We don't know to what extent and in what circumstances it proved effective and a recognised herbalist should be consulted for correct usage and doses.[Montana Plant Life], [Plants for a Future]
Prevention: Oxeye daisy is sometimes an ingredient in wildflower seed mixes, so read labels carefully.
Mechanical: dig up the whole plant before it flowers; go 6" down to be sure to get the shallow root systems. Continue this for a few years, as seeds are in the soil bank. Then reseed: shade oxeye daisy with at least 50% grass or other shady native forb cover to prevent re-establishment. [MSU Extension]
Grazing: Sheep, goats and horses eat the oxeye daisy, but cows and pigs do not like it. The plant spreads rapidly when cattle pastures are managed with a low stock density and continuous grazing regime. Under these conditions, cows repeatedly select their preferred plants, while ignoring unpalatable species like the oxeye daisy.
Switching to higher stock densities and shorter grazing periods does encourage cattle to eat and trample more of the plant. Intensive grazing and trampling slightly reduces the number of seeds produced, and presumably injures younger rootstalks. Trampling also brings dormant seeds to the surface and removes the canopy cover so those seeds will germinate with mid-summer rain showers. In normal years, those seedlings will dry-out and die before becoming established, further reducing the number of seeds in the seed bank. It should be noted, however, that intensive grazing in wet summers may increase the number of successful seedlings. As many as 40% percent of the seeds consumed by cattle may remain viable after passing through the digestive tract, so care should be taken to avoid spreading the seeds when moving stock. If a pasture is intensively short-term grazed with cattle (do this before it flowers), studies show sheep and goats must then graze it again. [MSU Extension]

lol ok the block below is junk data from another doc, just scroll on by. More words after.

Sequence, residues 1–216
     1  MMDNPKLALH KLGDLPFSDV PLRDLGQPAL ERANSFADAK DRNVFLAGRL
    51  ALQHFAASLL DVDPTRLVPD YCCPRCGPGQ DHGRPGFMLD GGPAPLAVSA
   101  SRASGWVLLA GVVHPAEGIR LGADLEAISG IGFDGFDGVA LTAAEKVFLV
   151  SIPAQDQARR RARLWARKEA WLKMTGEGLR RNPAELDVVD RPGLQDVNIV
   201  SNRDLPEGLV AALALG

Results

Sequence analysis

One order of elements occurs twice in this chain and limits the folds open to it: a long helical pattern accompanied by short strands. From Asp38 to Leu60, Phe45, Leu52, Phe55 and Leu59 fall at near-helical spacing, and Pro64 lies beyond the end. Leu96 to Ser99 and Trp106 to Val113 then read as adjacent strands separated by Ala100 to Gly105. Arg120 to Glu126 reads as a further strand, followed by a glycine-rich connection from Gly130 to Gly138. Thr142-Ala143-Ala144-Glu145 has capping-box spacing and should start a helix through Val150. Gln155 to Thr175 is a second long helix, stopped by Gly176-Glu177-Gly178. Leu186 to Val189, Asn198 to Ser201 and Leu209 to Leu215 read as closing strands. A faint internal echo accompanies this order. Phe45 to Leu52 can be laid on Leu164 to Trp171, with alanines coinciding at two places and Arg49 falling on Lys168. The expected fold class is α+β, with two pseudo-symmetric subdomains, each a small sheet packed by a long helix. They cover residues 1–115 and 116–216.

Chemical: Oxeye daisy is somewhat resistant to MCPA, 2,4-D and dicamba (Banvel®), but the herbicides are effective in higher concentrations. Picloram (Tordon® 22K) and sulfometuron methyl (Oust®) can also be used on daisies.
Important: Most "weed problems" are really "people problems" from poor land management and a lack of ecological insight. It is easy to reach for a tool like fire, mowing, or herbicides to attack an out-of-control weed, but often those tools do little to get to the root cause of the weed infestation, and sometimes make the problems worse. Please read more about range ecology, desertification, and invasive weeds on this website before applying any tool of weed control. Go to: Desertification and Invasive Weeds.
- Thomas J. Elpel. Botany in a Day. HOPS Press: Pony, MT. January 2000.
- Bret E. Olson, Roseann T. Wallander, and Peter K. Fay. "Intensive Cattle Grazing of Oxeye Daisy." Weed Technology. Volume 11, #1, January-March, 1997. Pages 176-181